The Harlem Renaissance

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The Harlem Renaissance

Table of Contents



Literature Review4

Blacks Come to Harlem: The Color Line5

The Making of a Ghetto7

Community Solidarity and Harlem's Second Renaissance8



The Harlem Renaissance


The Harlem Renaissance was the cultural front of the New Negro movement heralded by privileged intellectual leaders during the 1920s. It was also a marker of drastic demographic change with huge political implications, and the historical occasion in which African America's expressive tendencies took on an urban cast. More broadly the Harlem Renaissance was an inspiration for, and a manifestation of, the worldwide Negritude movement which grew out of, and in some quarters superseded, Pan-Africanist thought. Though difficult to date precisely since its sources and effects were both subtle and profound, the creative flowering that centered in a relatively small corner of New York City is generally thought to have begun with the armistice that brought an end to World War I and to have declined when financial support for the arts dried up during the Great Depression.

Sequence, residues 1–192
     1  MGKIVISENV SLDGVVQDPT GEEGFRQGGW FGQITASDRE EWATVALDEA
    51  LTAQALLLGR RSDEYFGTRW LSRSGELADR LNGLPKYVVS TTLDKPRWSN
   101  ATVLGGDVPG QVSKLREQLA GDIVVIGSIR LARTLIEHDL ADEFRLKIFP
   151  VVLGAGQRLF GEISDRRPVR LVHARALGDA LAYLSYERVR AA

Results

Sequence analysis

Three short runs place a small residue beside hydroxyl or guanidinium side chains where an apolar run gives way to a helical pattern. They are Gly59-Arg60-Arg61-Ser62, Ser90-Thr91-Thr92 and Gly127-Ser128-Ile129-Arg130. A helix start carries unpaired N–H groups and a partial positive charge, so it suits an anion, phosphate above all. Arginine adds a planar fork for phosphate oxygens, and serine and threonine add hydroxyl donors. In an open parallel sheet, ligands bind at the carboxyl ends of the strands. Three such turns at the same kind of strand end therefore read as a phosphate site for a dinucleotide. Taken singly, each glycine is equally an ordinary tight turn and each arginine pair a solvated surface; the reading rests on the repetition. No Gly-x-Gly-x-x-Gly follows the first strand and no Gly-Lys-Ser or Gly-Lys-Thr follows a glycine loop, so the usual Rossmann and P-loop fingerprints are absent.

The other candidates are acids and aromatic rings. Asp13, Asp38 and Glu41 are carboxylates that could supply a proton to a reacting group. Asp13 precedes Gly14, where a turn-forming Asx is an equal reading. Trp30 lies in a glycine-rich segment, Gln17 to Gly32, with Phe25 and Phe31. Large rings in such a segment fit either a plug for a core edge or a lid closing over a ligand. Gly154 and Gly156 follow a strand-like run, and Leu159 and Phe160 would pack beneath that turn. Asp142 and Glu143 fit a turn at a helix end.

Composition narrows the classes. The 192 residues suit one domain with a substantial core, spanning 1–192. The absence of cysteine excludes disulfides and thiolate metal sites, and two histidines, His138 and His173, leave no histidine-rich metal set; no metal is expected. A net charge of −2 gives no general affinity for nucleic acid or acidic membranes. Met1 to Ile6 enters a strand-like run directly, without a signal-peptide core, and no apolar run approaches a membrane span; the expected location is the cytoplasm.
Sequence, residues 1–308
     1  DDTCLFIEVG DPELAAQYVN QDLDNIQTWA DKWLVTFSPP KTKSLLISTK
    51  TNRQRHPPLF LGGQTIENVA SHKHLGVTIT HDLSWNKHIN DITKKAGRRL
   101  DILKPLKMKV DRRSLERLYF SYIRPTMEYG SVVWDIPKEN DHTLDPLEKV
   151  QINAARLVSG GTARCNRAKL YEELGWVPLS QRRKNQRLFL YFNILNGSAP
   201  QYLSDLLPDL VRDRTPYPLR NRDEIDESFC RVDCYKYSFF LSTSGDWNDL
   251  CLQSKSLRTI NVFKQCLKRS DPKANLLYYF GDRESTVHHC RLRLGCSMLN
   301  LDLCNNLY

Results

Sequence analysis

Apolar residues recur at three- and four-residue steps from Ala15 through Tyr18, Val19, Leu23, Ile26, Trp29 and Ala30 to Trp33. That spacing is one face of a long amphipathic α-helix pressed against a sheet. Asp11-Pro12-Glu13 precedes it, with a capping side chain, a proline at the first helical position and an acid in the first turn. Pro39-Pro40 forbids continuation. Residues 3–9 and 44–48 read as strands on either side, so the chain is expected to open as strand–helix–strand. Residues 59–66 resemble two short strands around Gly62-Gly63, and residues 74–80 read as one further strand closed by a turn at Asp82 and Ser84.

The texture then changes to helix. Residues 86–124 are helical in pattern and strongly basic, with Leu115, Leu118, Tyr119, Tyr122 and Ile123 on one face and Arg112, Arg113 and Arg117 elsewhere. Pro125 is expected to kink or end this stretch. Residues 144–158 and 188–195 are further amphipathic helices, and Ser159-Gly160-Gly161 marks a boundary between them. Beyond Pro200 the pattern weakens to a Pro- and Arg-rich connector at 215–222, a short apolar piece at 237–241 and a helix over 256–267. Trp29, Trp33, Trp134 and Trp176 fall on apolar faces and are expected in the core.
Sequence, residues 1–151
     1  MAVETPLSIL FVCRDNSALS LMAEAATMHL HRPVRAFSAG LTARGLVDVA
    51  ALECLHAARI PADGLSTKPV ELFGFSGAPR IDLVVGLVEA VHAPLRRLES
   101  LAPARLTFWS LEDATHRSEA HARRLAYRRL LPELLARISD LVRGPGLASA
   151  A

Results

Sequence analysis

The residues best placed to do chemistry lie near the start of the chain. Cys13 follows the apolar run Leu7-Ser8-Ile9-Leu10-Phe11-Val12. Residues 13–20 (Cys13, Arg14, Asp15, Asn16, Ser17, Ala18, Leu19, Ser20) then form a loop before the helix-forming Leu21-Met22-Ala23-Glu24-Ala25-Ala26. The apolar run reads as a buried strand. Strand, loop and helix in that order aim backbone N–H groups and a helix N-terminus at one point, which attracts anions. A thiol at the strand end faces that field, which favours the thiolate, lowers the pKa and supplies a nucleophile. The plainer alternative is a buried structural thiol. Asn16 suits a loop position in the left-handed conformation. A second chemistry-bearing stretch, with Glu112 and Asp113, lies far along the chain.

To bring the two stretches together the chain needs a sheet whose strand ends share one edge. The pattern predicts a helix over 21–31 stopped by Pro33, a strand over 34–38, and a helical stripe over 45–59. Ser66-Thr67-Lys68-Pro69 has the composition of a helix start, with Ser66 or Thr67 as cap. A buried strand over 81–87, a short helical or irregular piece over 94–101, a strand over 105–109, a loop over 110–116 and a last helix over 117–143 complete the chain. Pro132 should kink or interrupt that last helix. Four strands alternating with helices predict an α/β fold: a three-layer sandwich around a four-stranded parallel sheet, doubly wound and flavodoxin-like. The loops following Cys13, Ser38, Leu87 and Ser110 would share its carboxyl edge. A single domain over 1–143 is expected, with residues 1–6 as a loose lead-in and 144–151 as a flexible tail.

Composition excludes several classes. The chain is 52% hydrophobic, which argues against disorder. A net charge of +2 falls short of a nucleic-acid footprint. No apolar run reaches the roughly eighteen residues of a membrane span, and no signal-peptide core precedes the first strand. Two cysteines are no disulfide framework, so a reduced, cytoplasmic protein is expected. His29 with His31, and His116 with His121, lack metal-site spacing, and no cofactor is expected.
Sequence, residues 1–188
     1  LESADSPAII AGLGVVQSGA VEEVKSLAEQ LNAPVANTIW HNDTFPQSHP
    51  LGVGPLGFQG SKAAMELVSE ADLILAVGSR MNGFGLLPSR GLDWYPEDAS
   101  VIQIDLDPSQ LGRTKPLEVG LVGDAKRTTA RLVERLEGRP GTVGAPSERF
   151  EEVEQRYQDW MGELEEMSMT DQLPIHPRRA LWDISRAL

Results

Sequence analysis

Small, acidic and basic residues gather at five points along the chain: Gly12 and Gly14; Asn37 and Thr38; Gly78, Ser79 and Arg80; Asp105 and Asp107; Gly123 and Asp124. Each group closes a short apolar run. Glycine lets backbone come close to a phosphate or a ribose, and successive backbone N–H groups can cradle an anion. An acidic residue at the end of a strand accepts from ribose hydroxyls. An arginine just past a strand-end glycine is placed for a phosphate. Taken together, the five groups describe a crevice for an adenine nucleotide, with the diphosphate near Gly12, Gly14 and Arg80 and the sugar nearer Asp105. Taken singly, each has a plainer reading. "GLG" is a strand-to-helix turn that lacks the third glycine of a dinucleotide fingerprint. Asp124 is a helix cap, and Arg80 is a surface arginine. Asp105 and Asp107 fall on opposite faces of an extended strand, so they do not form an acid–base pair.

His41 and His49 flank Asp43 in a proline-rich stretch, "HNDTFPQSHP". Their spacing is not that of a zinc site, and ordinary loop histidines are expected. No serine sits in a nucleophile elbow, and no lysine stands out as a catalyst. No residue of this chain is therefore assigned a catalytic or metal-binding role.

This paper also discusses the Harlem Renaissance writers that were mentored by several prominent black intellectuals. W. E. B. Du Bois—one of the founders of the National Association for the Advancement of Colored People (NAACP), author of The Souls of Black Folk (1903), and editor for The Crisis—advocated black racial pride through rediscovering the cultural heritage of Africa. Particularly inspiring to younger black writers was his idea of the duality of the African American identity: “One ever feels his twoness—an American, a Negro; two souls, two thoughts, two unreconciled strivings; two warring ideals in one dark body, whose dogged strength alone keeps it from being torn asunder” (Du Bois, 1903, p. 9). James Weldon Johnson prefigured the Harlem Renaissance with his celebrated novel The Autobiography of an Ex-Colored Man (1912), which invoked Du Bois' idea of “two-ness.” Johnson is best remembered for his God's Trombones (1927), which comprises seven black sermons in free verse. Founder of the Universal Negro Improvement Association and leader of the “back-to-Africa” movement, Marcus Garvey promoted black separatism. His philosophy was conveyed to younger black writers through his newspapers, the Negro World and the Blackman. Alain Locke edited The New Negro: An Interpretation (1925), a landmark anthology of the Renaissance, for which he contributed several critical essays offering new directions for black American writing. The Renaissance was also significantly supported by white donors and writers including Carl Van Vechten, author of the novel Nigger Heaven (1926). (Leavitt and Susan, 2000)


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